TWENTY years ago Seymour Papert's colleagues thought he was a little bonkers. What else could be thought about someone who told stories about a time not far away when most American schools would have computers - for heaven's sake - that children could learn and play on? Save it for science fiction, please.
But Dr. Papert was right. Today one third of all elementary schools use the creative writing software he developed at the Massachusetts Institute of Technology (MIT).
And now the bearded MIT scientist is again a step ahead.
Papert has developed a new hands-on form of constructive learning in which children not only design and build mechanical toys and models, but they also design the computer software needed to operate them.
This has come at a critical juncture in education judging by four major reports released in the United States during the past two months detailing the lack of good math and science teaching and learning in public schools.
The new effort, already in a thousand schools across the country, stresses creative math and science problem-solving by doing.
The basic tool of Papert's program is the humble Lego toy - the multi-colored plastic building bricks which are already found in three quarters of American households with children.
Using a special kit consisting of Legos, tiny motors, sensors, and durable computer interface hardware, children have made model Ferris wheels, conveyor belts, toy cars that go when the light turns green, pop-up toasters, a miniature chocolate factory, and an alarm-clock bed that pushes the sleeper off at a designated time.
Students learn about gears and levers, the problems of friction, acceleration, and design stress. They also set up complex mathematical equations - all while ``playing.''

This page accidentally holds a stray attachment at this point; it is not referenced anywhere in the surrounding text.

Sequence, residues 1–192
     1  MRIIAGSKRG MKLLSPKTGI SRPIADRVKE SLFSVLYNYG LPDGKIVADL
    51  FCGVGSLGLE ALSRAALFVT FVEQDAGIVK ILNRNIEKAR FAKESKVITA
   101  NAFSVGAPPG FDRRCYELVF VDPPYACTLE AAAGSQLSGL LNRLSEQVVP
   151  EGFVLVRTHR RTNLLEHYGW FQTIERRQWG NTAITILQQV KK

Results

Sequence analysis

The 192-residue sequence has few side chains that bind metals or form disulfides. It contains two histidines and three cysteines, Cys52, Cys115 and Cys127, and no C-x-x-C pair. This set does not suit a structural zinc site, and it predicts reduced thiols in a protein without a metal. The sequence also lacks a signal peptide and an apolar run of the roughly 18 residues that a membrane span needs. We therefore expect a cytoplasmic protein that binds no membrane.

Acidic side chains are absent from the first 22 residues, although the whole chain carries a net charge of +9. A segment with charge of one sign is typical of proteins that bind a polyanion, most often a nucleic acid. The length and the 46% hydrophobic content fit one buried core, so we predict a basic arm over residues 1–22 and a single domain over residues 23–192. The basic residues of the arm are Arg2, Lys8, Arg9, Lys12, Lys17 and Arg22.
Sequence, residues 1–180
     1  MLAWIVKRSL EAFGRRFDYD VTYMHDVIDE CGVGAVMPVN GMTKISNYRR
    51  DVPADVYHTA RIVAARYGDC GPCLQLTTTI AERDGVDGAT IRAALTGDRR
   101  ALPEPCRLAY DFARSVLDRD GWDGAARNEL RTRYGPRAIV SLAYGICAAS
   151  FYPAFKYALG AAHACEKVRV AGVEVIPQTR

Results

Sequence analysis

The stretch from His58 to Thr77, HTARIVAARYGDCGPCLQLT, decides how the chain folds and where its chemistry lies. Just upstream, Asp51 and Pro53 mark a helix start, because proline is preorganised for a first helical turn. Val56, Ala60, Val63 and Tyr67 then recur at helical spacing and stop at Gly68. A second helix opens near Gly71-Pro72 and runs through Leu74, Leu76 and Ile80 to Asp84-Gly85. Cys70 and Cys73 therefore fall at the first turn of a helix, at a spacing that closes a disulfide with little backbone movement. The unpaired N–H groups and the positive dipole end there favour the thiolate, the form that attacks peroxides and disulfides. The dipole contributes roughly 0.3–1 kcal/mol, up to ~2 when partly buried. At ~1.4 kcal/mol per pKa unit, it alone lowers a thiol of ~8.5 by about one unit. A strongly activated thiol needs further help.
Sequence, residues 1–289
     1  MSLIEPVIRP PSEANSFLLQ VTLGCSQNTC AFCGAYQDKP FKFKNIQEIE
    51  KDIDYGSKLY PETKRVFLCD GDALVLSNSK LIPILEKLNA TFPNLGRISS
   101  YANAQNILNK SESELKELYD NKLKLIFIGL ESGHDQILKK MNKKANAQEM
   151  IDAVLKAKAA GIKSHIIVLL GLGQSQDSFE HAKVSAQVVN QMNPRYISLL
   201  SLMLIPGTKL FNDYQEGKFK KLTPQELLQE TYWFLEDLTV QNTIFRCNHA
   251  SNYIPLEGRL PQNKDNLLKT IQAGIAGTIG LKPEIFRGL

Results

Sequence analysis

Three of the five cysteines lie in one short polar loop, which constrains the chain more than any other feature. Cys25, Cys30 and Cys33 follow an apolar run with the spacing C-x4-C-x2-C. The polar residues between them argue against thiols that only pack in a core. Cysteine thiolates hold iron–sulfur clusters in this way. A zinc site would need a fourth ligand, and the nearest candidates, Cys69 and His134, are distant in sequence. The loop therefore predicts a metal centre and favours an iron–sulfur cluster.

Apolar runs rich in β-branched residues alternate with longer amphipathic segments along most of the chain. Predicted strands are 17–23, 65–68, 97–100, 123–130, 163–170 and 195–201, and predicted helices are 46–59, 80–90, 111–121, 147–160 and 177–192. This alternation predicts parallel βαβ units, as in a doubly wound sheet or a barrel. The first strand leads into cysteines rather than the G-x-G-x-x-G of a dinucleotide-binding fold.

Last year, fifth-grader Michael Satut at the Hennigan School in Jamaica Plain, Mass., helped build a bobsled and track. The sled's speed can be measured with a sensor to within one-hundredth of a second.
``I was basically the programmer,'' Michael says, while connecting a wire clip from the track to the computer interface box, ``but I did trouble-shoot when we moved from a flat track to an incline.''
After Michael and his group came up with the bobsled idea, they drew a rough sketch of it. Then they broke into teams. One built the bobsled. The other programmed the computer with instructions, including an equation using seconds in an hour and feet in a mile to translate the sensor's information into a set time (between 1.3 and 1.7 seconds on most runs).
``For a while we had the multiplication and division signs mixed up, and we got bad readings - but we figured that out,'' Michael says matter-of-factly.
``Children make both simple and complex models,'' says Hennigan fourth-grade teacher Gilda Keefe. ``But what I like to see is the amount of cooperative learning going on among children. Also the fact that rather than just use software, they design it.''
``When you watch the kids work in class there is all this noise, all these ideas and experiments going on,'' Papert says.
For years he has been convinced that children learn most when they try to reach beyond themselves and, through trial and error, create things. Love more than duty creates a desire to learn, he adds.
A number of educators are impressed with how the program, LegoTCLogo, provides practical applications of science and math principles. They feel this is needed at a time when American competitiveness in design and manufacturing is being challenged by Japan and West Germany. Meanwhile, student interest and ability in science are declining. (Fewer than 10 percent of all students take physics; the US ranked 11th in chemistry and 9th in physics in a recent 17-country survey of high school science achievement.) `FROM the start, the idea was to break down the schism between theory and practice, science and engineering,'' Papert says.
Further, ``It's not just `hands-on,' which everyone believes in anyway,'' says Michael Resnick, one of Papert's colleagues at MIT's Media Laboratory, ``but it's kids designing their own problems, rather than just being given them.''
Lego bricks can create an almost unlimited number of shapes. Two same-colored bricks with eight grips can be combined 24 ways; six bricks can be combined 103 million ways. LegoTCLogo runs on either Apple or IBM computers. The kit costs $500.
Some educators do have reservations. Education policy expert Joseph Nathan of the University of Minnesota's Humphrey Center , says the program is far better than worksheets and ``mindless, boring exercises.''
But after seeing it used in the Minneapolis schools, he warns against the zeal among parents and administrators who believe that new technology will always make their children better at solving problems.